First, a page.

I have a 2003 Infiniti FX45 with 145,000 kilometres on it. My tires (20-inch low profile) are always losing air, especially in cold weather. How can I correct this? – Arnie
When your aluminum wheel corrodes, it oxidizes, leaving behind a white powder residue. Continuing to degrade from the years of harsh elements, small pits/pockets develop. The mating surface where the rim and tire meet and seal is called the bead. Pitting on the rim's bead surface area brings about a path for air to slip through.
Most tire shops will grind the corrosion from the rim area and apply a vulcanizing rubber compound to promote a positive seal between the two. While this grinding is not the best for the longevity of the rim, it works well as a short- to medium-term solution, becoming less effective as the wheel ages and pit size increases.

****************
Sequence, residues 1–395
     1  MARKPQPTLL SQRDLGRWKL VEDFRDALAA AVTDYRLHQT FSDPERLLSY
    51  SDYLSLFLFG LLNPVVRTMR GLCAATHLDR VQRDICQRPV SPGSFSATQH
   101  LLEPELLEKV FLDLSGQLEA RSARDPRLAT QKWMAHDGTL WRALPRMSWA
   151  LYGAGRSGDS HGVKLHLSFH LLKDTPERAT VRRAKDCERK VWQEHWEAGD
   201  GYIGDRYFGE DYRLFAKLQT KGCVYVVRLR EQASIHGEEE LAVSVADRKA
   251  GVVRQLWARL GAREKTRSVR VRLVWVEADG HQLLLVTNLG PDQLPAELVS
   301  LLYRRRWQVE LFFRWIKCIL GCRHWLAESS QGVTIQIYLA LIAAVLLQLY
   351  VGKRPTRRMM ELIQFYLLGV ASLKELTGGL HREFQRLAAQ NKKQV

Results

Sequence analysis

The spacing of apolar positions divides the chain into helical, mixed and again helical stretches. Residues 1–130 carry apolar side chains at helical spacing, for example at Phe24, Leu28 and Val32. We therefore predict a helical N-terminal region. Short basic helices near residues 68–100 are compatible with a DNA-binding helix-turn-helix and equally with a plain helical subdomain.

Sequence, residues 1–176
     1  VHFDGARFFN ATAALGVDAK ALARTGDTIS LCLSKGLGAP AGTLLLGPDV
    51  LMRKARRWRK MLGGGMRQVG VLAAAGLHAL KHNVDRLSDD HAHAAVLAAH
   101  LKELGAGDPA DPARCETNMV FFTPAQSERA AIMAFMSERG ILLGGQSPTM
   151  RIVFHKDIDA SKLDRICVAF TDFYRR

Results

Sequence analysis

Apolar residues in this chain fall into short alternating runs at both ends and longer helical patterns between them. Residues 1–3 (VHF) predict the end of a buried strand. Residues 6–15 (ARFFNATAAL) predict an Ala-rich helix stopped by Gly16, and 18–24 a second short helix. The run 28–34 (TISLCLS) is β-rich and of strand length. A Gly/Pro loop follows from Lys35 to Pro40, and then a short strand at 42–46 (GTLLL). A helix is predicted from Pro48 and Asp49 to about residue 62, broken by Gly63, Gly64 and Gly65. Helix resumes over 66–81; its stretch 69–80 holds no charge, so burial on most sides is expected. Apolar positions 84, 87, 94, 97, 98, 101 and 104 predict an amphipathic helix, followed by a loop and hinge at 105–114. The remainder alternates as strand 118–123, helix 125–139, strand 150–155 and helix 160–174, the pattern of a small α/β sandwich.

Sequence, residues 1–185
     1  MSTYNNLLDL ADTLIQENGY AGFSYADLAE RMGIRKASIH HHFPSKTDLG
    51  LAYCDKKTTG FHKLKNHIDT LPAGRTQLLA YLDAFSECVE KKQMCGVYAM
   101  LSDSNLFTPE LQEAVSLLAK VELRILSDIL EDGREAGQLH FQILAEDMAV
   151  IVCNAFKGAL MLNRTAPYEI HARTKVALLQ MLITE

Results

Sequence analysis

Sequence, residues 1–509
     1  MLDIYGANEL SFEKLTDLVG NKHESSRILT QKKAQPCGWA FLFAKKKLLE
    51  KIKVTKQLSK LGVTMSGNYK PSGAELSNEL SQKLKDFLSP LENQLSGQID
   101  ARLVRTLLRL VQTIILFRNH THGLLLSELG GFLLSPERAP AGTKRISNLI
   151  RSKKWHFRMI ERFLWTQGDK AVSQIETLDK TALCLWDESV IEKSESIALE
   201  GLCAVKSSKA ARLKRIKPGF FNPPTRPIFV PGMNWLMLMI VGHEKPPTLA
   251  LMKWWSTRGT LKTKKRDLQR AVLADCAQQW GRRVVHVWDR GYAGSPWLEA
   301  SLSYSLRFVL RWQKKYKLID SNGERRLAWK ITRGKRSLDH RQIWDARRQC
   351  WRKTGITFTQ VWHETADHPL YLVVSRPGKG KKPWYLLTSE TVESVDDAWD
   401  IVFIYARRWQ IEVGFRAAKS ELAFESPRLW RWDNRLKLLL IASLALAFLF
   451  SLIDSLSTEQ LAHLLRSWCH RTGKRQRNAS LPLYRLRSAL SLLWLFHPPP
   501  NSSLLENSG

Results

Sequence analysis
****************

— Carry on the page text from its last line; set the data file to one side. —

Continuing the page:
Once the repairer can no longer offer an in-house sealing solution, the wheel can be sent out to a refinishing specialist that will access the overall condition and recommend a repair. This process typically costs about $125 a wheel. Your repair/tire shop will likely be able to offer a referral for a local wheel refinisher.
While not as common, cast aluminum can sometimes be porous, with the tiniest of pinholes allowing air to slip through the wheel body. A refinish may be possible, but replacement may be necessary.
Lou Trottier is owner-operator of All About Imports in Mississauga. Have a question about maintenance and repair? E-mail firstname.lastname@example.org, placing "Lou's Garage" in the subject area.
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